Summary: Analyzing the gene activity map or transcriptome of different brain diseases can help identify underlying mechanisms and comorbidity. The method could also uncover new relationships among diseases and improve treatment options.
Research led by Yashar Zeighami at McGill University, Canada provides a new way to characterize brain diseases.
The study, published in PLOS Biology on April 20th shows that comparing the transcriptomes (the map of activity for all genes in the genome) related to different brain diseases can help us understand the mechanisms underlying the diseases, and why certain ones are comorbid. The method can also find new relationships among diseases, which could have an impact on clinical treatment options.
Classifying brain diseases is difficult because many have multiple genetic and environmental risk factors. On top of that, the symptoms of many brain diseases overlap. For example, Parkinson’s disease and dementia with Lewy bodies are both neurodegenerative disorders presenting with muscle tremors and rigidity, and which share some similar cognitive and behavioral symptoms.
In this and other similar cases, misdiagnosis is not uncommon and can have serious consequences for patient care. An alternative approach is to classify brain diseases based on gene activity.
The new study examined disease transcriptomes—the set of RNA transcripts from affected brain regions—for 40 different brain diseases.
The researchers found that this system could classify brain diseases into five primary groups based on where disease-risk genes were active in the brain and in which cell types. In addition to confirming known relationships among diseases, disease transcriptome analysis was able to find previously unknown relationships among diseases.
For example, language development disorders, obsessive-compulsive disorder, and temporal lobe epilepsy were all classified into group 3, meaning that despite their very different symptoms, their corresponding genes are active in the same brain regions and in the same cell types.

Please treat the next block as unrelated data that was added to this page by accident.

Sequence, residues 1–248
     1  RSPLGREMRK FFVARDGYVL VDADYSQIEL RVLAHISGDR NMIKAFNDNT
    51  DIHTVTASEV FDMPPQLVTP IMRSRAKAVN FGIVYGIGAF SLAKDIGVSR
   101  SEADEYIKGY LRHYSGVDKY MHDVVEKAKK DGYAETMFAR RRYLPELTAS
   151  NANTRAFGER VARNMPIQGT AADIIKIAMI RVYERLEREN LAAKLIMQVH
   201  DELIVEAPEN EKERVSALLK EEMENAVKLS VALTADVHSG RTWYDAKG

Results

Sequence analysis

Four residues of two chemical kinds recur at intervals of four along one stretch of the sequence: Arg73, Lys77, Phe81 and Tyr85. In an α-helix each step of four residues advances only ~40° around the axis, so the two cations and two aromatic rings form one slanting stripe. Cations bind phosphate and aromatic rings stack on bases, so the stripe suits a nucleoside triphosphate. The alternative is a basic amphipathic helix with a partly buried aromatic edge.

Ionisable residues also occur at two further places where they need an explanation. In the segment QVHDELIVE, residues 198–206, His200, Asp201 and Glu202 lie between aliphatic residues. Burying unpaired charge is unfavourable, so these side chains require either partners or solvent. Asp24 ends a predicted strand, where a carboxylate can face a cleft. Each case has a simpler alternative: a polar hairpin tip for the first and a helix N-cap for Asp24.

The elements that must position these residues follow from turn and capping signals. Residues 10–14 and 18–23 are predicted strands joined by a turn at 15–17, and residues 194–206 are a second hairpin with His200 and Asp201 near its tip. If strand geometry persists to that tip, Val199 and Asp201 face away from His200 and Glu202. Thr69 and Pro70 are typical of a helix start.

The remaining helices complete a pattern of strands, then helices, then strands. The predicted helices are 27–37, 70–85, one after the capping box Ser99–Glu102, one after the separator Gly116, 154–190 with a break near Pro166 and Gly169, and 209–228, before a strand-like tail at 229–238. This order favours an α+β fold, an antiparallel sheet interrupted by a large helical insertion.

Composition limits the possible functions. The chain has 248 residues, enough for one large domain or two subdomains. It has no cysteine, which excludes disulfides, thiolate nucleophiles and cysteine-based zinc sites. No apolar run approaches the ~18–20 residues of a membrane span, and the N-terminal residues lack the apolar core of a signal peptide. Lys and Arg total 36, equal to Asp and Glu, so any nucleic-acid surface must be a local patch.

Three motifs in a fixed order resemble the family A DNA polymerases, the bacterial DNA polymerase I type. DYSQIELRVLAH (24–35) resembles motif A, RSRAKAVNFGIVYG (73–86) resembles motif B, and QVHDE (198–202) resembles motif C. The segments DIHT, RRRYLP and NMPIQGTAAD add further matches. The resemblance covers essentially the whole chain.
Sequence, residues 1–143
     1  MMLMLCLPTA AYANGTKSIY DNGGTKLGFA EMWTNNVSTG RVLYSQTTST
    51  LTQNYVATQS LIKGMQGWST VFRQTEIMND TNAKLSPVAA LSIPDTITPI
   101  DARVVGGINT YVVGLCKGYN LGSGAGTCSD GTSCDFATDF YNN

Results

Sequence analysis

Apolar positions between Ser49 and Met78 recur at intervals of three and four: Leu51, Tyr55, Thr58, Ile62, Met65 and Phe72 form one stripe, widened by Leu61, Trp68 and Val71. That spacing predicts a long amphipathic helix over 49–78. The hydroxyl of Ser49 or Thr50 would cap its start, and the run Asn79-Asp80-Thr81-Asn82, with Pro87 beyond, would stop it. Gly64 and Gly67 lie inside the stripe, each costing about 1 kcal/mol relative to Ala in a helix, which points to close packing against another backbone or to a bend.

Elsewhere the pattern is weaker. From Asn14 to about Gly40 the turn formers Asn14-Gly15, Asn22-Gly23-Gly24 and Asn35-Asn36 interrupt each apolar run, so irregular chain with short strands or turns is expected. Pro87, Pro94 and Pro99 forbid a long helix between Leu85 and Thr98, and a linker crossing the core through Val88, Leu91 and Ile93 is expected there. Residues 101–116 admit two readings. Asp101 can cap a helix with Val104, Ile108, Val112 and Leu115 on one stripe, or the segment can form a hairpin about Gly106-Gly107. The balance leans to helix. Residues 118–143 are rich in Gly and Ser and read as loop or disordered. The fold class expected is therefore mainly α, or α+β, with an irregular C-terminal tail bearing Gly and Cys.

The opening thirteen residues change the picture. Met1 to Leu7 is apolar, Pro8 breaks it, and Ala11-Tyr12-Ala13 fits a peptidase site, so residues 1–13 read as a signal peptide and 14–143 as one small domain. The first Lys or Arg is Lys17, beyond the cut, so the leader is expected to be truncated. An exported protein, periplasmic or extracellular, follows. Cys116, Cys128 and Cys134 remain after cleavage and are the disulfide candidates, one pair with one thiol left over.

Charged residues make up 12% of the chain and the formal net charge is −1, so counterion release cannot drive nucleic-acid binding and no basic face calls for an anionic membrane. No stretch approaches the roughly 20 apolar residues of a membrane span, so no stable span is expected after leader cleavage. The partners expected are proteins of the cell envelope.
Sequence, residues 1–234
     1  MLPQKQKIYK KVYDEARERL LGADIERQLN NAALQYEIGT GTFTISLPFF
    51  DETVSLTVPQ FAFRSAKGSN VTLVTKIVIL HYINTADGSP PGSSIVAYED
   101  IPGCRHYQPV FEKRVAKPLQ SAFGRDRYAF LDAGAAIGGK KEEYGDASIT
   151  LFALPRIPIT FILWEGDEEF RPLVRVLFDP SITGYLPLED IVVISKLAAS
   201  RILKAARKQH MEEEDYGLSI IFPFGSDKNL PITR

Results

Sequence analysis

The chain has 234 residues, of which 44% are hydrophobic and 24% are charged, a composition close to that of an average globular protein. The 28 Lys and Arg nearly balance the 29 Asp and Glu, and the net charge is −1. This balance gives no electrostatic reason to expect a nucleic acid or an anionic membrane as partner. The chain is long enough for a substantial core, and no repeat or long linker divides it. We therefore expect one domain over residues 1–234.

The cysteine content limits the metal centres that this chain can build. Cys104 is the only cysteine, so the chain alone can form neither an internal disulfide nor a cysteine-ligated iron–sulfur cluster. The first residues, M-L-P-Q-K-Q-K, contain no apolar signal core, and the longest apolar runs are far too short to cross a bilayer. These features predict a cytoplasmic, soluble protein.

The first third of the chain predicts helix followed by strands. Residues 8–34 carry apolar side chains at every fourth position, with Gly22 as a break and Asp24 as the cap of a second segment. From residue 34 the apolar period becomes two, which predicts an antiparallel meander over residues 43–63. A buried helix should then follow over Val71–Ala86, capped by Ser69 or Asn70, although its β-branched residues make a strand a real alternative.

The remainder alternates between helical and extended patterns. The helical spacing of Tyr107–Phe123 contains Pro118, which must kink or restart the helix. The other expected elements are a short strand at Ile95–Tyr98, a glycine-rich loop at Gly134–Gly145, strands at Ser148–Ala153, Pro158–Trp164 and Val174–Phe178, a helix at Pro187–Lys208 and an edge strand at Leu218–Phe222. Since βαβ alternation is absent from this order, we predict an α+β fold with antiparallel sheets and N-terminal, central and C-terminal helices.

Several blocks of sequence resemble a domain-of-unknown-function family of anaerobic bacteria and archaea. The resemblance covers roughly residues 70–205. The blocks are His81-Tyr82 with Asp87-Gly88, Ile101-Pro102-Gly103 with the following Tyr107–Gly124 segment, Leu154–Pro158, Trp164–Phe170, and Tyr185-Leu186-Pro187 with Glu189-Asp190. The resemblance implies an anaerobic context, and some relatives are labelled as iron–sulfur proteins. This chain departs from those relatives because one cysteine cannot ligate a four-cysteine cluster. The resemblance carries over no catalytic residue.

Brain diseases classified as neurodegenerative, movement-related, and psychiatric are the most difficult to diagnose because of the overlap in symptoms that change over time. The transcriptome is thus an additional tool that could be used for more accurate early diagnoses.
Zeighami adds, “Analysis of the transcription patterns of risk genes for human brain disease reveals characteristic expression signatures across brain anatomy. These can be used to compare and aggregate diseases, providing associations that often differ from conventional phenotypic classification.”
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Author: Claire Turner Source: PLOS Contact: Claire Turner – PLOS Image: The image is credited to Zeighami Y, et al., 2023, PLOS Biology, CC-BY 4.0
A comparison of anatomic and cellular transcriptome structures across 40 human brain diseases
Genes associated with risk for brain disease exhibit characteristic expression patterns that reflect both anatomical and cell type relationships.
Brain-wide transcriptomic patterns of disease risk genes provide a molecular-based signature, based on differential co-expression, that is often unique to that disease. Brain diseases can be compared and aggregated based on the similarity of their signatures which often associates diseases from diverse phenotypic classes.
Analysis of 40 common human brain diseases identifies 5 major transcriptional patterns, representing tumor-related, neurodegenerative, psychiatric and substance abuse, and 2 mixed groups of diseases affecting basal ganglia and hypothalamus.
Further, for diseases with enriched expression in cortex, single-nucleus data in the middle temporal gyrus (MTG) exhibits a cell type expression gradient separating neurodegenerative, psychiatric, and substance abuse diseases, with unique excitatory cell type expression differentiating psychiatric diseases.
Through mapping of homologous cell types between mouse and human, most disease risk genes are found to act in common cell types, while having species-specific expression in those types and preserving similar phenotypic classification within species.
These results describe structural and cellular transcriptomic relationships of disease risk genes in the adult brain and provide a molecular-based strategy for classifying and comparing diseases, potentially identifying novel disease relationships.